“It is important to read the other sides views, which is a great way to keep from bias,” Tolchin said.

The group of people who gathered to hear these panelists speak have left with a greater understanding of what it means to monitor the media and how to challenge what they report as facts.

The Politics of Journalism

Story by Kaitlyn Christensen
When a new issue in the world arises, many use the media as a resource to understand what is going on. The media are how information gets circulated to people around the world.
On Oct. 28, a panel discussion was held at the Hinckley Institute of Politics at the campus of the University of Utah about political reporting. This event was open to the public and gave the audience the opportunity to get insight from a panel with experience in government and journalism.
The three panelists included John Daley, a reporter for KSL; Susan Tolchin, a professor at George Mason University; and Matt Canham, a reporter for the Salt Lake Tribune. Each of the panelists was able to give his or her knowledge and input as to how the media is a valuable resource to its consumers.
“The media is the watch dog of the world,” Tolchin gave her thought as to why the media is needed. It is the media’s job to get any vital any information to the consumers.
“Citizen involvement is a plus, because we do it for the readers,” explained Daley as to why the consumers are the most valuable part of media.
“Readers have ways to point out mistakes, as a consumer it is their responsibility to point out errors because it becomes incorrect facts,” Canham explained how that he loves the feedback from his audience about his work.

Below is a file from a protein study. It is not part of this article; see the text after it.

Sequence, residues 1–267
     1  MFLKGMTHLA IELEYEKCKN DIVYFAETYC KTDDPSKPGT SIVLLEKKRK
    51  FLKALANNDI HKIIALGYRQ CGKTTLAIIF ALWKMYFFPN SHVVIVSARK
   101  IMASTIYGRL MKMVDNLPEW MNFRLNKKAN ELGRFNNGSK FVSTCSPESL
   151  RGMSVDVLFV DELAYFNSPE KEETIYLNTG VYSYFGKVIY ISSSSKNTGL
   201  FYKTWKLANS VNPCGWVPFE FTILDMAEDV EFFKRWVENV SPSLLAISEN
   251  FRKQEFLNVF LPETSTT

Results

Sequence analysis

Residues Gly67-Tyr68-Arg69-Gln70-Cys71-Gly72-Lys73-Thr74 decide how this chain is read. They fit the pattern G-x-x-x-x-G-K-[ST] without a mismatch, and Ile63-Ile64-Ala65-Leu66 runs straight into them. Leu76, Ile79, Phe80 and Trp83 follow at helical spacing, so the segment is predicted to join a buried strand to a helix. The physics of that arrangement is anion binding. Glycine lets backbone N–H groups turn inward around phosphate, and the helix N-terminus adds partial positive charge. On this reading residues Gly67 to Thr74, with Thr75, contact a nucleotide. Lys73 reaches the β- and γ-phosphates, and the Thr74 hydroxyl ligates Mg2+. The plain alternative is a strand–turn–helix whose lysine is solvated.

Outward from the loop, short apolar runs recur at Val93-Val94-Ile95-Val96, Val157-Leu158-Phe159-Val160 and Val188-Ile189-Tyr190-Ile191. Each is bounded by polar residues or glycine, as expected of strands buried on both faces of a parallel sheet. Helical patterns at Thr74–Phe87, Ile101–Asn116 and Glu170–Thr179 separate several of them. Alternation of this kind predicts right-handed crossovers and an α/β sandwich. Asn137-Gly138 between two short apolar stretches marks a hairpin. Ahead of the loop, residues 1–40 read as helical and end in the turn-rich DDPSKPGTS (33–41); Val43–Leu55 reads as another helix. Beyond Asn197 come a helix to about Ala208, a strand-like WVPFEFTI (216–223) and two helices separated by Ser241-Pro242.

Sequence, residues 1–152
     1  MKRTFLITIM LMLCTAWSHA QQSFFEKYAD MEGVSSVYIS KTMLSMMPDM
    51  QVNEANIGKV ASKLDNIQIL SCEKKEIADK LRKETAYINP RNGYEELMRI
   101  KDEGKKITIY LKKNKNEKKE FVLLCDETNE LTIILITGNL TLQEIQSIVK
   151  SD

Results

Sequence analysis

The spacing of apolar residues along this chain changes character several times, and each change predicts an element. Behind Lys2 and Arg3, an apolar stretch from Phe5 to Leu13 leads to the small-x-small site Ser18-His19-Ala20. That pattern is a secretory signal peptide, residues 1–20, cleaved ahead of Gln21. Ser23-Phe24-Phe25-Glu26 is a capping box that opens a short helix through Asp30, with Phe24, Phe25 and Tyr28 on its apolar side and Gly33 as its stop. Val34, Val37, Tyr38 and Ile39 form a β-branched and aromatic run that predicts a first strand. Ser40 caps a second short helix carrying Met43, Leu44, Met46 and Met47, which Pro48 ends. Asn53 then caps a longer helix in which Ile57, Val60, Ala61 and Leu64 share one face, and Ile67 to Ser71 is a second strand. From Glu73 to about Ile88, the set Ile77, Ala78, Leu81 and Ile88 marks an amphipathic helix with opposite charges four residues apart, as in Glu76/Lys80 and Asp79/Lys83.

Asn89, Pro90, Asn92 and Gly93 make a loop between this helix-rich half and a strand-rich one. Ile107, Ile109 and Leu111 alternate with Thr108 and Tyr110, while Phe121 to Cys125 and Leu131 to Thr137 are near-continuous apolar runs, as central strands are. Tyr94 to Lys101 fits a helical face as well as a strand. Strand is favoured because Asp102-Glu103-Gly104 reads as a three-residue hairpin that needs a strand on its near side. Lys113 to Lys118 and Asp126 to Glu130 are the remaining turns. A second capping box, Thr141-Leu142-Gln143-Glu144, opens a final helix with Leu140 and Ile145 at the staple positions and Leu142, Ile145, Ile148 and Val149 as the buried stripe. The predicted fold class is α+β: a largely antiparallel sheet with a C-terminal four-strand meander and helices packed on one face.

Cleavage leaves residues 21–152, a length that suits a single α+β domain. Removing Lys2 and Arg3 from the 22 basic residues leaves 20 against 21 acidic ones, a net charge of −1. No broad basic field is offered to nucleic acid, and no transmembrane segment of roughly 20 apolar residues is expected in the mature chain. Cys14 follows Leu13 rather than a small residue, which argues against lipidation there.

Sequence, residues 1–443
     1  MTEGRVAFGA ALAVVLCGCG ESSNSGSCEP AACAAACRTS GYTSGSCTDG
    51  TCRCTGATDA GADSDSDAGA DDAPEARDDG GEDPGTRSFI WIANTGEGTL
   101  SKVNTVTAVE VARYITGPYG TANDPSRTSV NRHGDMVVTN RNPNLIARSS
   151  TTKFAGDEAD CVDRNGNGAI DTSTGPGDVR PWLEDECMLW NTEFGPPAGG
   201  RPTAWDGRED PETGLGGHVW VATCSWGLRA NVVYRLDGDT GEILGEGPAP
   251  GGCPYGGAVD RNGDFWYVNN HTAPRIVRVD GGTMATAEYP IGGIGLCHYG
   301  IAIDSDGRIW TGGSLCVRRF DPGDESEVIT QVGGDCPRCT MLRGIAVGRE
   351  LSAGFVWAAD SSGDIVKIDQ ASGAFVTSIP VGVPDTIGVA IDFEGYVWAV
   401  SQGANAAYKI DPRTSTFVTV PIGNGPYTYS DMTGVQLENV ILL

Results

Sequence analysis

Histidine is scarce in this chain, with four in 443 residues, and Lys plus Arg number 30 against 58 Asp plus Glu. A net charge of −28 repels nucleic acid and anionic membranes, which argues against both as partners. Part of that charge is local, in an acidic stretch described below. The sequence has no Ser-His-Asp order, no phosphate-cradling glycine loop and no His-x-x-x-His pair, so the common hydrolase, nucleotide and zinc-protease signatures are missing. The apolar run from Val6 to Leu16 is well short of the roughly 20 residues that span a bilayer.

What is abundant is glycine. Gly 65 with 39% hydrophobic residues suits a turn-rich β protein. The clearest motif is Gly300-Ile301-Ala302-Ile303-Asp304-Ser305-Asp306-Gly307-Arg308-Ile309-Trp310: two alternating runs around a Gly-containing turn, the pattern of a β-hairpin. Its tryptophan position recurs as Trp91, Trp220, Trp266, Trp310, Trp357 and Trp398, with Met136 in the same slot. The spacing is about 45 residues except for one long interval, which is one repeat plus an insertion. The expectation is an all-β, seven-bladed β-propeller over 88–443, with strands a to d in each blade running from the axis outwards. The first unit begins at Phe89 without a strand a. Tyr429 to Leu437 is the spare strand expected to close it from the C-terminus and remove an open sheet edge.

“Who watches the media?” Tulchin questioned the credibility of the media, “Nobody is checking the facts. Anyone can write an opinion.”
When consumers of the media point out any mistakes made, it helps from continually putting out false information to the public.
The seminar gave great insight as to how helpful the media are and how they help the country. Those who attended the seminar found all information given very useful and interesting.
“As a political science student, this event was a great incite as to how the media helps the government. Sometimes the media can fall short and give information that may not seem as important, but I become more aware of our governments issues because of our media and their ability to report,” said Whitney Smith, a political science major at the University of Utah.
Katie Andrus, a journalism student at the University of Utah, gave her insight as to what she thought about the seminar.
“I like how they came from different backgrounds and had different perspectives on how journalism and the government work with each other to relay the information to US citizens,” she said.